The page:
Once the Oilers moved Taylor Hall to New Jersey to acquire puck-moving defenseman Adam Larsson, it meant all of the top six picks in the 2010 draft were no longer with the clubs that drafted them.
No. 7 that year, Jeff Skinner, remains in Carolina, where GM Ron Francis has opted instead to move out virtually everyone else — notwithstanding the somewhat curious move to bring back struggling goaltender Cam Ward on a new two-year deal.
To recap the 2010 top six:
1. Hall, Edmonton — dealt June 29 to New Jersey for Larsson.
2. Tyler Seguin, Boston — dealt July 4, 2013, to Dallas with Ryan Button and Rich Peverley for Reilly Smith, Joe Morrow, Matt Fraser, and Loui Eriksson.
3. Erik Gudbranson, Florida — dealt May 25 to Vancouver with future draft pick (Cole Candella) for Jared McCann and two future draft picks (Rasmus Aslund and Jonathan Ang).
4. Ryan Johansen, Columbus — dealt Jan. 6 to Nashville for Seth Jones.
5. Nino Niederreiter, NY Islanders — dealt June 30, 2013, to Minnesota for Cal Clutterbuck and future draft pick (Eamon McAdam).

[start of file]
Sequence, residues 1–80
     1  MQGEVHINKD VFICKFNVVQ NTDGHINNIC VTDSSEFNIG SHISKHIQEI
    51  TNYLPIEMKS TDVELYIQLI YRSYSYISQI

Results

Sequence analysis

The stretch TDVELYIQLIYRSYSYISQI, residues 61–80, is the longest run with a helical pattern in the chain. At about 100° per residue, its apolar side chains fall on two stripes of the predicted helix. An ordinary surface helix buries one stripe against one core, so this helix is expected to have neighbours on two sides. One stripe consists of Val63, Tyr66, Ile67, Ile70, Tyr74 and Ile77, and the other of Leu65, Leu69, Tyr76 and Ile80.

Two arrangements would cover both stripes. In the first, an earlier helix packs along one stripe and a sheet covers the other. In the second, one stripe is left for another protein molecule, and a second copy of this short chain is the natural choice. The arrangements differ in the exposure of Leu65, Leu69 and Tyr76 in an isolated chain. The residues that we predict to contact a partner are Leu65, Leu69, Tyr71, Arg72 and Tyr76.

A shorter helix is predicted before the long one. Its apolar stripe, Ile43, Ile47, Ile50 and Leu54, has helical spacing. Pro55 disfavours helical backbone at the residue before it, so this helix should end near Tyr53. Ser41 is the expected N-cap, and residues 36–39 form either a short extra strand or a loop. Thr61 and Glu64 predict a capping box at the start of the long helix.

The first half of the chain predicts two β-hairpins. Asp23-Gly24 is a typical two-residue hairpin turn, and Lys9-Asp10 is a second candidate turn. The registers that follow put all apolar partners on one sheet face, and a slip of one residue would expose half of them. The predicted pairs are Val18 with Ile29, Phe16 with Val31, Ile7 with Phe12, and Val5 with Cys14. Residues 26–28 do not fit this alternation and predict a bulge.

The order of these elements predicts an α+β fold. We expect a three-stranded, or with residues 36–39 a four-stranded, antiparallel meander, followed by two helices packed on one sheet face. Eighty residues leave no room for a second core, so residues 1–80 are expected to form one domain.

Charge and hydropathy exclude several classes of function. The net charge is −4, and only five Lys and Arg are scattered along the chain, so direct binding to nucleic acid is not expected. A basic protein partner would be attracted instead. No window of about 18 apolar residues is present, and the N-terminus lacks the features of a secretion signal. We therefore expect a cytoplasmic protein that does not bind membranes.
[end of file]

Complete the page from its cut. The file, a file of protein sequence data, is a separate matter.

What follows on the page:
6. Brett Connolly, Tampa Bay — dealt March 2, 2015, to Boston for two future draft picks (Matthew Spencer and Boris Katchouk).
Bruins are likely settled
With six weeks to go before training camp, it doesn’t look as if the Bruins will augment their roster substantially prior to setting up shop at their new Warrior Ice Arena in Brighton.
The one possible large exception could come in a little over two weeks, if free agent winger Jimmy Vesey (Harvard/North Reading) decides to play for the hometown team. He’ll vet a host of other suitors, beginning Aug. 15, likely to include the Leafs, Hawks, Rangers, and possibly Penguins. The Sabres own his NHL rights (obtained from Nashville) and made their formal pitch just after the July 4 holiday.
Fact is, defense remains a greater concern for the Bruins, who lost their grip on a playoff spot in March, mainly because the backline wore down. The UFA acquisition of David Backes should give the forward corps a boost, but the defense still looks very spotty, unless raw rookie Brandon Carlo (6-5, 220) proves ready to make the leap after only a brief AHL hit in Providence.